Soils and Water

Timber harvesting and forest management may significantly impact water and soil at both operational and landscape scales. Nova Scotia's Code of Forest Practice states that forest management will be designed and conducted in a manner that maintains and enhances the quality of air, water, and soil. Access roads, harvesting equipment, pesticides, and vegetation change, may all directly and indirectly affect nutrient budgets, soil structure, moisture regimes, erosion, sedimentation, and hydrological systems. A wide range of regulations, management tools, and research helps protect these resources.




Research Reports

Nova Scotia's Code of Forest Practice
A Framework for the Implementation of Sustainable Forest Management outlines the principles for management. Guidelines for Crown Lands provides guidance for forest ecosystems. Forest products, wildlife habitat, and integrated forest use.

Watercourse and Wildlife Habitat Protection Regulations
These regulations apply to all lands, Crown and private, and have three major requirements: leaving buffer strips along watercourses, leaving legacy trees in clumps, and leaving coarse woody debris in all types of forest harvesting and management activities.

Forest Ecosystem Classification
In 2010, results from 10 years of FEC project work were synthesized to produce a comprehensive provincial FEC guide which is presented in three documents: Forest Ecosystem Classification for Nova Scotia: Part I Vegetation Types (2010); Part II Soil Types (2010); and Part III Ecosites (2010). This three-part guide builds upon, but also supersedes, all earlier FEC publications.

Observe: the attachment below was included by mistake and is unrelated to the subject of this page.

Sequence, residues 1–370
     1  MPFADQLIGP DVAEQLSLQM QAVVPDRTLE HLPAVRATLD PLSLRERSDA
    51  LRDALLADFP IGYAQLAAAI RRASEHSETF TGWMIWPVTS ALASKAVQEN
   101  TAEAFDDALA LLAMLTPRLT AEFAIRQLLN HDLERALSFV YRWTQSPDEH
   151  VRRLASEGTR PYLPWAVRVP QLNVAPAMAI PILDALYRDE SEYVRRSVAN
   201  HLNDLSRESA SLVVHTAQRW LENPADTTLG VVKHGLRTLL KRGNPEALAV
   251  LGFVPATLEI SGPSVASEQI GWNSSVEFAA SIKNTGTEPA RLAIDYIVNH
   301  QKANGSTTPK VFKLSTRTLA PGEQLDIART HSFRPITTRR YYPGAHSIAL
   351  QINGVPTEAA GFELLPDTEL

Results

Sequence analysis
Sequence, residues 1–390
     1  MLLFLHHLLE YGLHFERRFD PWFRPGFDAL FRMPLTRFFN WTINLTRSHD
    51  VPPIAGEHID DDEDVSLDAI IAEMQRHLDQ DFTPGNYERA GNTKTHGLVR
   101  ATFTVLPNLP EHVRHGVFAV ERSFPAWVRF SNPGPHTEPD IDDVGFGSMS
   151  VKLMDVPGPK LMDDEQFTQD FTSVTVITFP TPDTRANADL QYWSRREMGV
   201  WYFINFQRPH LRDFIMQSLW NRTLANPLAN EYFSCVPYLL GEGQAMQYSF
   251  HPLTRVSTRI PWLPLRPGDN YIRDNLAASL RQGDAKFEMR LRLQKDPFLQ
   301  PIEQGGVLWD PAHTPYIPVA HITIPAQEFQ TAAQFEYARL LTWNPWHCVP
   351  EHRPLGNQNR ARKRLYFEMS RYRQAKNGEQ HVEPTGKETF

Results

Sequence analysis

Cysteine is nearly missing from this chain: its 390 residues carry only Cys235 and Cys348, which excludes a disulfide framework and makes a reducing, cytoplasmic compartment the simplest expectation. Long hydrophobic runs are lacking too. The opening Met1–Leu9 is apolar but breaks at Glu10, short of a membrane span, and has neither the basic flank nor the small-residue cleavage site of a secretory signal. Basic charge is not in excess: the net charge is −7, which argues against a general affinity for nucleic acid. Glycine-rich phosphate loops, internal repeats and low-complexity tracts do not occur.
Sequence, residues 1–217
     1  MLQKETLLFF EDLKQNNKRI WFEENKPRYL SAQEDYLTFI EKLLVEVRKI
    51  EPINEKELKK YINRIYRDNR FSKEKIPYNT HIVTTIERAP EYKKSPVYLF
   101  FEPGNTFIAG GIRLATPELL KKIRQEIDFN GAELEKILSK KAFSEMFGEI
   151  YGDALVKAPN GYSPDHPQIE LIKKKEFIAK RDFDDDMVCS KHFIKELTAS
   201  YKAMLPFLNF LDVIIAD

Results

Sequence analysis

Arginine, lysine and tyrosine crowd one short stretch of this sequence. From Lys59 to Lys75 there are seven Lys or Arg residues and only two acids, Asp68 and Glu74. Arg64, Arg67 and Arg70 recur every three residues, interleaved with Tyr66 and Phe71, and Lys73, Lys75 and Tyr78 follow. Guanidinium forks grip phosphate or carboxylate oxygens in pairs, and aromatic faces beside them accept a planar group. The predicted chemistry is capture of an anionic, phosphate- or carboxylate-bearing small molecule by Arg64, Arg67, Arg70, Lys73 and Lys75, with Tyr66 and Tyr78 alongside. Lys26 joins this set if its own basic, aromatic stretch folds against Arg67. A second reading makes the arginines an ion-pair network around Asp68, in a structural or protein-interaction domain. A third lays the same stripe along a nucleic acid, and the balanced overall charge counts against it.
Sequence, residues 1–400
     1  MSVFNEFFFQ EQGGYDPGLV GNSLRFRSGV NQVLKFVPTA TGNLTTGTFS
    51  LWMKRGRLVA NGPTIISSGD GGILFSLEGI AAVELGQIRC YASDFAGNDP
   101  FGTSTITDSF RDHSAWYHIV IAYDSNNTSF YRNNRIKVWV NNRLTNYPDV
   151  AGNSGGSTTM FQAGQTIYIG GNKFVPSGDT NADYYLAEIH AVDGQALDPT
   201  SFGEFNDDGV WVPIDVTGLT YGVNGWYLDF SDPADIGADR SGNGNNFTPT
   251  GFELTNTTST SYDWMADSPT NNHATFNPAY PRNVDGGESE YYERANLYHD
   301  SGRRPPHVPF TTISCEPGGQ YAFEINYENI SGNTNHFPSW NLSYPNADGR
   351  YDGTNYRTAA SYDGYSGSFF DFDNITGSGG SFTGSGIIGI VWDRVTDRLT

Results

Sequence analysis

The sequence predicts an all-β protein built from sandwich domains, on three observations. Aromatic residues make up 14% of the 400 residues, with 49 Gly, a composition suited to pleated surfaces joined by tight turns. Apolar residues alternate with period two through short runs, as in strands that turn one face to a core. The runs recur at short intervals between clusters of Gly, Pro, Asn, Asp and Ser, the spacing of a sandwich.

Pockwock-Bowater Watershed Study
This multi-partner research project focussed on measuring watershed responses to forest harvesting and riparian zone treatments. The wide range of reports produced inform the forest hydrology model ForHyM developed at the Nexfor-Bowater Forest Watershed Research Centre located at the University of New Brunswick.

Wet Areas Mapping
Ecologically diverse and management sensitive sites can be identified in the Wet Areas Mapping project.

Quantifying Ground Disturbance and Soil Compaction After Forest Harvesting (to be published)

Forest Ecosystem Classification for Nova Scotia Part II: Soil Types (2010)

Links to other Department Programs

Nova Scotia Department of the Environment - Air, Land and Water